The arm/hand section is very similar to Shiatsu which doesn't surprise me now that I'm getting to know you. You always add so much more with your grace/artful style. I love the finger work and the wrist shaking. I am getting more familiar with the 'sen' lines in Thai massage and so much of what you do correlates with my training in Shiatsu.

I also love that you continually make reference to using the whole body and the mindfulness with this. This makes a big difference for both the giver and receiver and if you're not paying attention one can easily muscle in -especially when the receiver is significantly bigger than you. I will definitely incorporate the arm/hand techniques into my everyday work. Thank you.

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Jo Difulvio
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June 2, 2016 - 7:21 am
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Module eighteen:

'Ninja warrior' -love the transitions and it definitely helps if you're a yogi. You make them look so graceful and dance like. I managed to use the transition with the single/double arm stretches and just love the flow of this. The feedback for these stretches was positive/favorable. I will need to work on a smooth transition but the technique is divine.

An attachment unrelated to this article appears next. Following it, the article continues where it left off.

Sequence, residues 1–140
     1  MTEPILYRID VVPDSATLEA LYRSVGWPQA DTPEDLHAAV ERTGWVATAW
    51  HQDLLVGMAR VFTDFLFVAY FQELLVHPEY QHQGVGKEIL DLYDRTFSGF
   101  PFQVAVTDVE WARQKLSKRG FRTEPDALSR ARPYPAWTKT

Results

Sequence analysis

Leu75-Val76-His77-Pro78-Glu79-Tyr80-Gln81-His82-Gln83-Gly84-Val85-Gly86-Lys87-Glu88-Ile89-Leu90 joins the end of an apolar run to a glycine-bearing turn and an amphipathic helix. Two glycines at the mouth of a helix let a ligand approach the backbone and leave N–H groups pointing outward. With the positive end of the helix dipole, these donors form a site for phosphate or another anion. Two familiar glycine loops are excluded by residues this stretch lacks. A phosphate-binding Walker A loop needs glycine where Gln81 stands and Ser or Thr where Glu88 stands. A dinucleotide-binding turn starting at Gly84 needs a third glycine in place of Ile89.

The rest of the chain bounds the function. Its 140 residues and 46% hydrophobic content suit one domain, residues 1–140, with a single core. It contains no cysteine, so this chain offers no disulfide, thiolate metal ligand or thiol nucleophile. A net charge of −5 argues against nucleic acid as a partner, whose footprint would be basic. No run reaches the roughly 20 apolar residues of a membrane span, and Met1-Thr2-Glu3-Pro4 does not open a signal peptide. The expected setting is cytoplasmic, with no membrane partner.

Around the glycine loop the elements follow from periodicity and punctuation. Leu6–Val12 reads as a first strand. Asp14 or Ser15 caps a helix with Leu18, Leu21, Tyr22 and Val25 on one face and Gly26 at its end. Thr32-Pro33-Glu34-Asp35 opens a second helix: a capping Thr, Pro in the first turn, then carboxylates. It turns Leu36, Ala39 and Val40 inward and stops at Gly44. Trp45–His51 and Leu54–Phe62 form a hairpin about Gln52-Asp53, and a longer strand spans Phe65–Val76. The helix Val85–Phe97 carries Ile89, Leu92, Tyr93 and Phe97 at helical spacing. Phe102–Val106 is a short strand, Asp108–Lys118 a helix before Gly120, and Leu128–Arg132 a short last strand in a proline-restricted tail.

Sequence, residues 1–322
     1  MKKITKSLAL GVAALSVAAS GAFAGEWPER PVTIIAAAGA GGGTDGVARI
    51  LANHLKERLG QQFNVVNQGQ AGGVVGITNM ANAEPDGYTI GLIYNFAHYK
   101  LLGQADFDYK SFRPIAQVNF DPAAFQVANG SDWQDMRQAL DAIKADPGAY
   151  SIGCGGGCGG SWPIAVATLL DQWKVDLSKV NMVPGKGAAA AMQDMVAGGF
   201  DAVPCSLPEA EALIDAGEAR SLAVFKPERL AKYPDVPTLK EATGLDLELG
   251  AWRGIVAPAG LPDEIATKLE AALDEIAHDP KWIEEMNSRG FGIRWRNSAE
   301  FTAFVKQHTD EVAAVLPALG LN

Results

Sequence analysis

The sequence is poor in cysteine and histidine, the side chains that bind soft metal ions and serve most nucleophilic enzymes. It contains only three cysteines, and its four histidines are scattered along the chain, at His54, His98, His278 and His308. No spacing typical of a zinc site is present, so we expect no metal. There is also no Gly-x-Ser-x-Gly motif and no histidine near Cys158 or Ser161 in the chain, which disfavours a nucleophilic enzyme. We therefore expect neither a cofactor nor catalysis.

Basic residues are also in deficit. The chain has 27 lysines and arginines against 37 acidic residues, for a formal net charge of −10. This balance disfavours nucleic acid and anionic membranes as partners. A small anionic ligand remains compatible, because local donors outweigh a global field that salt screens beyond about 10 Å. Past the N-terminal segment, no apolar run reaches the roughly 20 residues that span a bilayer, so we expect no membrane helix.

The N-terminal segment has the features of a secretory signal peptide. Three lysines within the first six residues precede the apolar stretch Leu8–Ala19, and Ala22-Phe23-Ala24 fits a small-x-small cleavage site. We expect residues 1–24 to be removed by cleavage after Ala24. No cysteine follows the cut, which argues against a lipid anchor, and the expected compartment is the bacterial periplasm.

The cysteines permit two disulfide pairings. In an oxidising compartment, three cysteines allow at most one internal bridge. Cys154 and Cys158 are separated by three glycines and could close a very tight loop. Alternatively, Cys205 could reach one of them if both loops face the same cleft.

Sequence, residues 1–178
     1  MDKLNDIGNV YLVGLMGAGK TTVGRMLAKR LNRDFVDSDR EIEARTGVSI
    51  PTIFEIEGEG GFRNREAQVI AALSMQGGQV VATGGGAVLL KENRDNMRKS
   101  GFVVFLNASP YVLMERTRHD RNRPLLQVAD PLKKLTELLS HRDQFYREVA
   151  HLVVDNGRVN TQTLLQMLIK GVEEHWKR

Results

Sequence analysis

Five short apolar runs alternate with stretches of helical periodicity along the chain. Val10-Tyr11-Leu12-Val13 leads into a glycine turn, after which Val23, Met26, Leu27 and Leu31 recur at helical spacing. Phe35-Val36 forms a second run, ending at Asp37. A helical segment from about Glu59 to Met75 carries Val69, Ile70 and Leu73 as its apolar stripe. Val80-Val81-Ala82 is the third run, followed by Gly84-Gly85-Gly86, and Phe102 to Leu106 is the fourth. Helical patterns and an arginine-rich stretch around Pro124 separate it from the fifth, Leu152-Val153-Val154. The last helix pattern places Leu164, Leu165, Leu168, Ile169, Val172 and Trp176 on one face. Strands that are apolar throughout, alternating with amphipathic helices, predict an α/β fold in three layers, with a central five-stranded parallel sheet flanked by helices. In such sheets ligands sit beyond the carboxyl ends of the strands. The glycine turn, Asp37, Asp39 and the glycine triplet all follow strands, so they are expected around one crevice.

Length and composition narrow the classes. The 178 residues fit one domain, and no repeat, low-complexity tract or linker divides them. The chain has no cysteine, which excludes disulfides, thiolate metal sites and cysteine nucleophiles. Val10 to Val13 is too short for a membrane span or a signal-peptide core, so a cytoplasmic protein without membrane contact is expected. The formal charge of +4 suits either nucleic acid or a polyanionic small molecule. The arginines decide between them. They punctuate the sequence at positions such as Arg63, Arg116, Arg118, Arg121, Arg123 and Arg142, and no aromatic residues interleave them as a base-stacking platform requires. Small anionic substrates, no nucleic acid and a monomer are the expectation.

Now the upper spine twist all versions were challenging. I will have to experiment with someone smaller and see if it makes a difference. This is definitely where you need to focus on hara and full body energy because it could be easy to get caught up in using muscle (at least it seemed so for me). The figure eight shoulder stretch was also challenging -lot's of practice here.

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Shama Kern
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June 3, 2016 - 1:35 am
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You say you want to look for someone smaller - are you practicing on someone who is significantly larger or heavier than you are?

Working with muscle power is "against my religion"! Laugh Of course you do need some muscle power, but the idea is to minimize it as much as possible. And it is possible to eliminate a lot more muscle work than most therapists would think is possible! It's all a matter of using your body correctly. Now that being said, there are some techniques that are just too hard to do on large people, and those you can and should simply skip on such people in order to preserve your own health. Never stress over a move.